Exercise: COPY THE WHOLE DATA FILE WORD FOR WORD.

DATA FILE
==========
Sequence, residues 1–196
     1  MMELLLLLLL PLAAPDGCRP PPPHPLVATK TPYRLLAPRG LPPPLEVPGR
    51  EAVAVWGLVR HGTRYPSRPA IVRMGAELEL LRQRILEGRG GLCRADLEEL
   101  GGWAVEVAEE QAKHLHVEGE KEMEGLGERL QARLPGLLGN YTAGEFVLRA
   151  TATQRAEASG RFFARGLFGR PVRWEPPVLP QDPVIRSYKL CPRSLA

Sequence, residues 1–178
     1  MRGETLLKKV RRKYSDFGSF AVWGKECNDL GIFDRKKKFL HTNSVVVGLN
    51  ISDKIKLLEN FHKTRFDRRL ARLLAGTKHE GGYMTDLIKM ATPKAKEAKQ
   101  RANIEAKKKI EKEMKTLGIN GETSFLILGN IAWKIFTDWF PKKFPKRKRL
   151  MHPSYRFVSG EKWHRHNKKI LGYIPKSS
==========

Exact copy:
Sequence, residues 1–196
     1  MMELLLLLLL PLAAPDGCRP PPPHPLVATK TPYRLLAPRG LPPPLEVPGR
    51  EAVAVWGLVR HGTRYPSRPA IVRMGAELEL LRQRILEGRG GLCRADLEEL
   101  GGWAVEVAEE QAKHLHVEGE KEMEGLGERL QARLPGLLGN YTAGEFVLRA
   151  TATQRAEASG RFFARGLFGR PVRWEPPVLP QDPVIRSYKL CPRSLA

Sequence, residues 1–178
     1  MRGETLLKKV RRKYSDFGSF AVWGKECNDL GIFDRKKKFL HTNSVVVGLN
    51  ISDKIKLLEN FHKTRFDRRL ARLLAGTKHE GGYMTDLIKM ATPKAKEAKQ
   101  RANIEAKKKI EKEMKTLGIN GETSFLILGN IAWKIFTDWF PKKFPKRKRL
   151  MHPSYRFVSG EKWHRHNKKI LGYIPKSS